Duane A. Morrow, PhD, studies the mechanics of muscle force production and the musculoskeletal biomechanics of human movement. Through the application of mechanical engineering principles, Dr. Morrow and his colleagues are establishing methods to enable the clinical measurement of individual muscle force production using a novel intramuscular pressure microsensor.
Additionally, Dr. Morrow and the team in the Motion Analysis Laboratory aid in the determination of the root causes of functional deficits that impede a person's ability to perform activities of daily living.
- Clinical Measurement of Muscle Force: Current clinical strength assessments typically involve the measurement of joint torque. While helpful in determining functional capacity, these measures cannot assess the performance of individual muscles. Quantitative assessment of individual muscle force production can identify muscle pathologies masked by compensations from other muscles and more sensitively monitor muscle response to therapeutic interventions.
- Development of a Clinical Intramuscular Pressure Microsensor: Recent advances in electronics and micromachining have led to the development of minimally invasive microsensors capable of measuring interstitial fluid pressure to quantify muscle force. Dr. Morrow and his group are helping to bring this technology to clinical exam rooms and operating rooms to directly monitor muscle viability.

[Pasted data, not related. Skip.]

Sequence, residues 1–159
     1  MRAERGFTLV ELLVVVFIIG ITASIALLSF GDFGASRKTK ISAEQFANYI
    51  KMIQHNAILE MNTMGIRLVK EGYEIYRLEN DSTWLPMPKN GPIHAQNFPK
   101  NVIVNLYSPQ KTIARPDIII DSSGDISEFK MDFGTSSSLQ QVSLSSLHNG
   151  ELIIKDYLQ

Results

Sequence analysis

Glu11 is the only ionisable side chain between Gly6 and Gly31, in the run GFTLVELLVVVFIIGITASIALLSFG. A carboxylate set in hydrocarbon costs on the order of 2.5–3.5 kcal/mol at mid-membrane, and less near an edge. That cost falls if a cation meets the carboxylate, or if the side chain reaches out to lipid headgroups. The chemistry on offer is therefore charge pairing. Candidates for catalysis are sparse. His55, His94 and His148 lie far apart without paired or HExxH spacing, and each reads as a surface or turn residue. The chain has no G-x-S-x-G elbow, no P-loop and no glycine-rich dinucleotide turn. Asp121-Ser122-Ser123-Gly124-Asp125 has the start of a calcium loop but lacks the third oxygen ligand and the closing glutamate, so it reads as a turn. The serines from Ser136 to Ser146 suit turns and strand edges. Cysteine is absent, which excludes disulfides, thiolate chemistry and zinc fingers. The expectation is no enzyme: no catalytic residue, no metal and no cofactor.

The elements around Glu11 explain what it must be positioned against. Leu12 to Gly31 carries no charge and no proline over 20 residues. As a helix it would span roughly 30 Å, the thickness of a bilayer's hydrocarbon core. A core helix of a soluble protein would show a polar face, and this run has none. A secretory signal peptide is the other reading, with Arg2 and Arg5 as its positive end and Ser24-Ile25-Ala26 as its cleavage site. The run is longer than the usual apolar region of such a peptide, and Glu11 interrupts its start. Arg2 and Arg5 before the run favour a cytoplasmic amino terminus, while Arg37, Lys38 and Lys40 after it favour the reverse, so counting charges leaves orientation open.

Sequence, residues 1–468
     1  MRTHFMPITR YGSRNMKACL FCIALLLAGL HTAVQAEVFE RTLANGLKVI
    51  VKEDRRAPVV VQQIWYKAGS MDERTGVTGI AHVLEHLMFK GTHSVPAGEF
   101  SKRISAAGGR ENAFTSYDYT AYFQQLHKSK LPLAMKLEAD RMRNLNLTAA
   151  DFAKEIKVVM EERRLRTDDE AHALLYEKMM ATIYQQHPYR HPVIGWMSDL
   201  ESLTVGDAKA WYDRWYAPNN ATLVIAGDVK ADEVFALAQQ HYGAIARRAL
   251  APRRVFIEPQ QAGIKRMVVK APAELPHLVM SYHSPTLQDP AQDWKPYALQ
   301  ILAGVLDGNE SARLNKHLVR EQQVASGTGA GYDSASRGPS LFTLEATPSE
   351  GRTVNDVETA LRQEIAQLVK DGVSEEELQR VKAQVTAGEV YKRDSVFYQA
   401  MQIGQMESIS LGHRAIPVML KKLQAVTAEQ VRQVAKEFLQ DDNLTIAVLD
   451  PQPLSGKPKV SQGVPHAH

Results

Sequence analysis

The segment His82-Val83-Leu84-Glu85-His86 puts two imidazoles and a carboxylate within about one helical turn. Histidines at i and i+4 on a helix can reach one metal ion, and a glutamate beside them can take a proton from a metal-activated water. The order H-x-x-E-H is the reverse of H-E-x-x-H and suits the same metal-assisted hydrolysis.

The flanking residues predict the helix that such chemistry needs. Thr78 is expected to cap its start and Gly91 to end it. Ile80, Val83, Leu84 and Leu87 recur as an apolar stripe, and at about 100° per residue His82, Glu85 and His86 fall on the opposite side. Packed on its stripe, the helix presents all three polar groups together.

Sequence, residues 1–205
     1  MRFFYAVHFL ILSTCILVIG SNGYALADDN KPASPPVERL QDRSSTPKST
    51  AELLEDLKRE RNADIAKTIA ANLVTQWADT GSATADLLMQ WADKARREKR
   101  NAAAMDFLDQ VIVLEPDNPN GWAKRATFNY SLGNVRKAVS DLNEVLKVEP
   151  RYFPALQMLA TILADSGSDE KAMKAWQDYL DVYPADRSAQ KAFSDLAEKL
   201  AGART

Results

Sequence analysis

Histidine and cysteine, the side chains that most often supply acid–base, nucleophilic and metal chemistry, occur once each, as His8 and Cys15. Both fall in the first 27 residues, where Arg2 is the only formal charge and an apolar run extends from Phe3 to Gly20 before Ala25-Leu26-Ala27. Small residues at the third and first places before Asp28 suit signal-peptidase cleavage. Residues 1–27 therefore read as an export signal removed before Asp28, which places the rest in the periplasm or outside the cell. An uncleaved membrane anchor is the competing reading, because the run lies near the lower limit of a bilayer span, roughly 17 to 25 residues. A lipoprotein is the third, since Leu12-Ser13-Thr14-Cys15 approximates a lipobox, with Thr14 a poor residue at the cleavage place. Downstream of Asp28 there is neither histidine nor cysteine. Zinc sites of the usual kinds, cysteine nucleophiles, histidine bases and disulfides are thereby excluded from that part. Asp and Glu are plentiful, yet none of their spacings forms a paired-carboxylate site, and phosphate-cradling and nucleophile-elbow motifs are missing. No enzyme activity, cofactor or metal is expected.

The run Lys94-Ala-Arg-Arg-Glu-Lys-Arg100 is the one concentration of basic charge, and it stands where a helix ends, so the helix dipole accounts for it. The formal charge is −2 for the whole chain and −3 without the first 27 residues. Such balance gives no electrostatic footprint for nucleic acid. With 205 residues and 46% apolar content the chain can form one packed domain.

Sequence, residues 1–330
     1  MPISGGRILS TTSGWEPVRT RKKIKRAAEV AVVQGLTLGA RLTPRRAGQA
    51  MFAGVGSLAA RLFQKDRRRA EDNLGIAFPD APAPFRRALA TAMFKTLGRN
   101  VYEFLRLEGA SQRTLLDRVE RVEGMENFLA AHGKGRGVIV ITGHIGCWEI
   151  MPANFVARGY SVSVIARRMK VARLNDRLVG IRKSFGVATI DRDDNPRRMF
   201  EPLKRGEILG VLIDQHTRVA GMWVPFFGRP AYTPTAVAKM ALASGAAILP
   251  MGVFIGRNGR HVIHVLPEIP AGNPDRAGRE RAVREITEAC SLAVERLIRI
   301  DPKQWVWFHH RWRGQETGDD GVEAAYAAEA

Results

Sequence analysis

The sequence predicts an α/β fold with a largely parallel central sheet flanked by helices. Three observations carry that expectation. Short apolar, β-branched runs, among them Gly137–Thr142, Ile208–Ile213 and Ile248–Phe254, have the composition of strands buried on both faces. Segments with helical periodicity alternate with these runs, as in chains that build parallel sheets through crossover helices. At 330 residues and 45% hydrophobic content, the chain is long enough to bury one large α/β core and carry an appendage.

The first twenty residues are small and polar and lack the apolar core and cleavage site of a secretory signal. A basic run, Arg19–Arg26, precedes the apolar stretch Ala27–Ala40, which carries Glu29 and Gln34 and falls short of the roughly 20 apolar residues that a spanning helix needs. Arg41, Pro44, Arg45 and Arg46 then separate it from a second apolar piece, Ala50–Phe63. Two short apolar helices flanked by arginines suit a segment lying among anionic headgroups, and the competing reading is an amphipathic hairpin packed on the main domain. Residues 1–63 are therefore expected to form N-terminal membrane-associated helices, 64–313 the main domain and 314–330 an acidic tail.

- Computational Modeling of Skeletal Muscle: Advanced computational models are needed to fully understand how muscle geometry, location, and activation may alter intramuscular fluid pressure. Dr. Morrow's team is leading the development of these models to help more effectively and efficiently predict intramuscular pressure in various muscles and predict how this pressure may be affected by pathology.
- Upper Extremity Function: Effective use of the upper extremities is an important component of many activities of daily living. Dr. Morrow and his colleagues develop techniques for more precise assessment of many facets of upper extremity movement, ranging from shoulder strength and range-of-motion in sport injury and manual wheelchair use, to accurate quantification of tremor in patients with neuromuscular disorders.
Significance to Patient Care
Dr. Morrow's work will enable more targeted and accurate measurement of invivo muscle force. Increased specificity of muscle force production will allow for greater precision in the diagnosis and monitoring of neuromuscular disease and enhanced assessment of the efficacy of interventions. Additionally, the ability to assess individual muscle function can help select an optimal donor from potential candidate muscles in muscle-tendon transfer surgeries. Coupling better understanding of muscle function with meaningful descriptions of upper extremity kinematics can be used to maintain or restore activities of daily living for those whose functional capacity is threatened by disease, disorder, or injury.